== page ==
An update on gestational diabetes mellitus

July 20, 2016
At first glance, screening pregnant women for gestational diabetes mellitus (GDM) seems like it should be straightforward. After all, the screening tests are designed to identify pregnant woman with high concentrations of blood glucose, and laboratory tests that measure glucose are accurate and precise. So what’s the problem?

Before that question is tackled, consider a few facts about GDM:

  • It is defined as any degree of glucose intolerance with onset or first recognition during pregnancy that isn’t overt diabetes mellitus.
  • Each year in the United States approximately four million women give birth, and 240,000 of these women, or six percent, develop diabetes during their pregnancy.
  • The incidence of GDM is a function of the screening test used to diagnose the disorder (more about this below).
  • Although GDM often resolves after pregnancy, it does place the mother and fetus at risk of serious health issues. For the mother these include preeclampsia and an increased chance for the development of type 2 diabetes after pregnancy. For the fetus these include macrosomia, shoulder dystocia, and increased risk of obesity during childhood.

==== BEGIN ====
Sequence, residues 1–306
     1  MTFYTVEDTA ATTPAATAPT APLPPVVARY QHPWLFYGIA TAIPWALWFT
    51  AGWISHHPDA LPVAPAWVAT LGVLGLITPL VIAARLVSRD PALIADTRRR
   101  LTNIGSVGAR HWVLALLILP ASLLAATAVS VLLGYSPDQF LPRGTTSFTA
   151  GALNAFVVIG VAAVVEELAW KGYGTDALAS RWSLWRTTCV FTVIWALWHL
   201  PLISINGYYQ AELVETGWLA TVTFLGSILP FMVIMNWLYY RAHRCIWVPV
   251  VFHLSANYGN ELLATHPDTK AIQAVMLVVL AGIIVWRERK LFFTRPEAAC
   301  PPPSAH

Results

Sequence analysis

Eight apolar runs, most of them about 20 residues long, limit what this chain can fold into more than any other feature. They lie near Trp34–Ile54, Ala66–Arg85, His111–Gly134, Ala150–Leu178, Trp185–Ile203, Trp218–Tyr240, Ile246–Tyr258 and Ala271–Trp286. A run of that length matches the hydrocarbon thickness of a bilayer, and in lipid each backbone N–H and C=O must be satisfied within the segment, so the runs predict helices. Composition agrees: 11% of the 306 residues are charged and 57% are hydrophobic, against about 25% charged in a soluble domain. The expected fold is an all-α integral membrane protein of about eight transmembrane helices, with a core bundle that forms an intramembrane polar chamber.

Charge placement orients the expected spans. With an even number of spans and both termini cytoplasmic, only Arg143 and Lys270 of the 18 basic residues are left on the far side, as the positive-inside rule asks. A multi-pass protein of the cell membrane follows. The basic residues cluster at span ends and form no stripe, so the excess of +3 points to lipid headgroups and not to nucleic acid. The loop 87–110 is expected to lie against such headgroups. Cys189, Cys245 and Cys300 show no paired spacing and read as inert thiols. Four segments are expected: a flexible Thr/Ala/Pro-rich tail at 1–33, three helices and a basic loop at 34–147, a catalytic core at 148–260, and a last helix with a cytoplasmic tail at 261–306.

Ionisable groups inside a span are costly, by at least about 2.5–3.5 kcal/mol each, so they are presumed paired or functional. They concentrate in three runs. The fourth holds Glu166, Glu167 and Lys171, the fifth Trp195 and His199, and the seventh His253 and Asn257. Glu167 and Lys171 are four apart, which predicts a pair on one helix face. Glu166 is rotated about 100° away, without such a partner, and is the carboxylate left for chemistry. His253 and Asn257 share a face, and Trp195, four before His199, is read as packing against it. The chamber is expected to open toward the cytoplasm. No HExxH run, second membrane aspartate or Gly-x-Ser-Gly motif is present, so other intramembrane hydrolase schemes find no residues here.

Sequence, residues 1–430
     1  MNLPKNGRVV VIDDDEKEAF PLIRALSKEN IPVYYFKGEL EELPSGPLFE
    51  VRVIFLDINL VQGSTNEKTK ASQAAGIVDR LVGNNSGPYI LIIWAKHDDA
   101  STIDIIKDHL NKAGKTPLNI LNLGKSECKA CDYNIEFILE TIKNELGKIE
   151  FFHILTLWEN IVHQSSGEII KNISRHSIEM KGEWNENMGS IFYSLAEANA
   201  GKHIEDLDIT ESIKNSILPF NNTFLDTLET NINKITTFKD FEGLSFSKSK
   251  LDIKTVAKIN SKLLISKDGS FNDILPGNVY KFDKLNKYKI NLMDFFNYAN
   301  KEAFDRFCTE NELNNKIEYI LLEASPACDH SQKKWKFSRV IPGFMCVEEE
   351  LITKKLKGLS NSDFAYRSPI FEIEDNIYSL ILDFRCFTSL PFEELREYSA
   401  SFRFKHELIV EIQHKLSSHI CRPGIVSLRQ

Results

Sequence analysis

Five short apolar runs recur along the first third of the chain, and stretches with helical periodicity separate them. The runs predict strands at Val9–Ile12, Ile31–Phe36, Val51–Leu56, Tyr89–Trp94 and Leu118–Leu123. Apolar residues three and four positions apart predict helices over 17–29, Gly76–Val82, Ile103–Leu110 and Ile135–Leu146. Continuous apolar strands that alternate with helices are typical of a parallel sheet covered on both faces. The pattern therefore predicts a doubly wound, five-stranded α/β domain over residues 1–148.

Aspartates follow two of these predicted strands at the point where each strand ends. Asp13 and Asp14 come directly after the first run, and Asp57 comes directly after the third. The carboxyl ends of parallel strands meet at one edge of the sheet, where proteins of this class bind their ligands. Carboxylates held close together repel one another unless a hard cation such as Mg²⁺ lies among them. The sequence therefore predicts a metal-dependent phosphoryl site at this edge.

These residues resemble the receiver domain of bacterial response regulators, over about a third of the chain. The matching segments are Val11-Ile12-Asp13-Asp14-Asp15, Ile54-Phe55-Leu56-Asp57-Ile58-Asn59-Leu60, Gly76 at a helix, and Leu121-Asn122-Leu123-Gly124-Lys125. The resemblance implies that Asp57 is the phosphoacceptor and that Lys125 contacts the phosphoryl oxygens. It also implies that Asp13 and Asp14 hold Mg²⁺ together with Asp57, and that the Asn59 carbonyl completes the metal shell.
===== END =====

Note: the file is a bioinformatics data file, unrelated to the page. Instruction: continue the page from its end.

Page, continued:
The question of how best to screen for GDM is one not easily answered because experts don’t agree on how best to screen for the disorder. While all agree that both mother and infant can experience adverse outcomes if GDM goes undetected and untreated, there is lack of consensus on the best way of identifying it.

Some diagnostic dilemmas

To better understand the current debate, consider how GDM screening has been done in the U.S. since 1964. Most practitioners follow a two-step process:

  1. A screening test is done at 24 to 28 weeks of gestation by measuring blood glucose one hour after a non-fasting patient consumes a 50-gram dose of glucose. A result greater than 140 mg/dL is usually used as the cutoff, although a lower cutoff of 130 mg/dL may also be used. Those with a result greater than the cutoff undergo diagnostic testing.
  2. The diagnostic test is the three-hour oral glucose tolerance test (OGTT). This test requires the collection of a fasting blood sample followed by consumption of a 100-gram dose of glucose with additional blood samples obtained every hour for four hours. The test is considered positive, and GDM confirmed, if two or more of the four glucose test results are above designated cutoffs. There are two sets of cutoffs currently used: those of the National Diabetes Data Group or the Carpenter-Coustan cutoffs.